Someone on Quora asked, “If time travel were possible, is it recommended to meet the “past self” (or the “future self”) or can this cause some kind of a paradox?” Here’s my answer, which gets into the possibility of time travel in general.
Any amount of interaction with the past on the same timeline would eventually, per the butterfly effect if nothing else, either slightly or substantially change the state you were in when you traveled back into the past, which would change your effect on the past, which would slightly or substantially change the state you were in when you went back into the past, etc. etc., causing a paradox.
Nature wouldn’t have an arbitrary threshold by which it says, “ok, if you change your past self more than THIS much, I’ll cause a paradox.” There would always be a paradox. And paradoxes don’t exist in nature, of course, only in thought experiments (otherwise the entire universe would disappear in a puff of ex contradictione quodlibet, or in a puff of logic as Douglas Adams would say).
If you really could change the past, which changes your state when you go into the past, which changes the past, which changes your state when you go into the past, which changes the past, etc., the timeline itself would change an infinite number of times, and at what rate? Infinity times per second?
And time as we know it is (whether in actuality or just in our models—either way) progression along a timeline.. so to change the timeline itself would imply a second dimension to (otherwise linear) time that we know nothing about and have never detected. And if there’s a second dimension to time, it should be there under all circumstances, not just when somebody decides to travel back in time on their own timeline..
(Not that I’m saying the existence of a second dimension to time would make time travel into the past on your own timeline possible.. it would still be the case that, because the change would be in an endless loop, the timeline would have to change an infinite number of times (in other words, it would never stop changing, as infinity is by definition never reached), before the conclusion of what happened as a result of you going back into the past is resolved.)
So, this leaves two possible options for traveling back in time:
- When you travel back in time, you actually travel to an alternate timeline, i.e. a parallel universe, whose present corresponds to your past.
(It couldn’t be that its present corresponds to your present but you actually travel backward to its past, because then if there’s any interaction at all between that universe and ours, including but not limited to that of multiple time travelers traveling between them, then a causal paradox would arise as described above.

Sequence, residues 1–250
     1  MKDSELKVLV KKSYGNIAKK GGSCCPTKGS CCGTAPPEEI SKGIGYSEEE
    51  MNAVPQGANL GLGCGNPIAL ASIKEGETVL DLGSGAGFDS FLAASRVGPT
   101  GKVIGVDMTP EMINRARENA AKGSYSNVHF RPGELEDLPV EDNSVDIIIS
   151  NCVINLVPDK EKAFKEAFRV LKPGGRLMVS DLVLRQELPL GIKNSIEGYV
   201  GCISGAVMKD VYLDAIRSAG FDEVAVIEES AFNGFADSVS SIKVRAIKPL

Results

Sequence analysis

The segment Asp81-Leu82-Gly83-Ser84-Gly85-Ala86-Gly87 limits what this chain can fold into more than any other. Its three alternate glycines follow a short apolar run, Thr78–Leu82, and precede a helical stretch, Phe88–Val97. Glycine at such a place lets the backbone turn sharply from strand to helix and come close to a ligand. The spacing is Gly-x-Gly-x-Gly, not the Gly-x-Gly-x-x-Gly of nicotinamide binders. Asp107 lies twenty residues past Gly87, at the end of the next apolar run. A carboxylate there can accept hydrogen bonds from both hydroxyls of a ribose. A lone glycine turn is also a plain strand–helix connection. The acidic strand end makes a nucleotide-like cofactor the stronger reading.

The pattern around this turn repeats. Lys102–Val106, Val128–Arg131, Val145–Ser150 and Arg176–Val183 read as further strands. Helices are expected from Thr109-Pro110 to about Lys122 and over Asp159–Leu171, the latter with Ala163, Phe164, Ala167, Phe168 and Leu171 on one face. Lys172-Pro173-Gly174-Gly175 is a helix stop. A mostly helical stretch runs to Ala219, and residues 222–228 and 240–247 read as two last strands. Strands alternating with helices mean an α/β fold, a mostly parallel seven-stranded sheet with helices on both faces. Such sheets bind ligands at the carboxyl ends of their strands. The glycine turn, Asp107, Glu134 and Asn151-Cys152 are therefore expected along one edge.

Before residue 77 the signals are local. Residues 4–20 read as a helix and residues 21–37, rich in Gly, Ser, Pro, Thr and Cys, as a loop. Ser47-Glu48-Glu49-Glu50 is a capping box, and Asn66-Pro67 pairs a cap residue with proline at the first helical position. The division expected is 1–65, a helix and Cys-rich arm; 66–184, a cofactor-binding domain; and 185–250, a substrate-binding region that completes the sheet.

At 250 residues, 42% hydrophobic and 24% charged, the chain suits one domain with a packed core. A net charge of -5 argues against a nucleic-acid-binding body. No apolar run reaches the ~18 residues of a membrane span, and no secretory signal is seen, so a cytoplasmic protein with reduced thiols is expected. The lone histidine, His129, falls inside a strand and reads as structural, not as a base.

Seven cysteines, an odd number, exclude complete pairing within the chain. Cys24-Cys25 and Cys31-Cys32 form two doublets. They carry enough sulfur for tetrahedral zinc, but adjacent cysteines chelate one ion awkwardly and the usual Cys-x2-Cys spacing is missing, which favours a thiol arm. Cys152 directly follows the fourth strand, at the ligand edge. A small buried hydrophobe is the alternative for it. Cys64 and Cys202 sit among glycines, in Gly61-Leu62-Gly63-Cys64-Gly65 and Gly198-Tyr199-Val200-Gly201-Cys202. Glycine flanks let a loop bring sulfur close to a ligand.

It can’t be that the two universes have no temporal relationship to each other either, because then either (a) you’d never be able to get to it, or (b) you could pick any point of time to travel to within the other timeline that you want and likewise a traveler from there to here could pick any point on this timeline they want, so again, causal paradoxes would arise.)
- Any effect you have while traveling backward in time on the same timeline actually fulfills the past rather than changes it. This possibility seems unlikely to me, since it would put obvious restrictions on what you’re able to do when you’re in the past, such as killing your past self. And how would those restrictions be put into place? What would stop you from doing such a thing? Serendipity? Who would orchestrate such serendipity?
While either of those two modes of time travel may be possible, in neither case does it matter at all how you interact with yourself: in the first case because it’s not on the same timeline so it won’t affect the same you that went back into the past, and in the second case because any way you can possibly affect yourself will actually fulfill the past rather than change it.
So, my conclusion is that either (a) time travel is categorically impossible, or (b) you can travel in time, but there’s no possibility of causing a paradox so it doesn’t matter what you do.
One thing I didn’t go into in my Quora post is the possibility that the progression of time is not a strict mechanical phenomenon that can be understood, or in-principle simulated, from the bottom up, but rather a kind of abstract, dynamic weave or tapestry that’s self-healing and can efficiently absorb small paradoxes, but can be significantly disturbed by more stark paradoxes causing causal rifts of some kind.
To give a sense of this time-weave’s dynamicism / organicalness, one thing I’ve read about it is that it can be locally, temporarily sped up to force an issue and predict the future but without 100% accuracy / probability of accuracy.
It seems that this view of time’s progression would be especially compatible with a brain- or mind-like model of the universe. I make a rational argument for idealism (as in the metaphysical philosophy) here.
In addition, I’ve had many experiences that seemed to indicate a mental or psychological characteristic to reality. For example, I was once working on a short Python program that had a bug. I identified the bug and fixed it, but the program still wouldn’t work right. So, I only added some print statements strictly for the purpose of debugging / proving to myself that the program should work correctly, and then it worked. Then I took out the debugging statements so that I had the same program again that I had before I added the debug statements that wasn’t working, and it still worked. I believe software engineers weren’t kidding (except inasmuch as they refuse to believe their own experiences because they violate the modern mechanistic story we tell ourselves about the universe) when they coined the term “Schrodinbug” (defined here).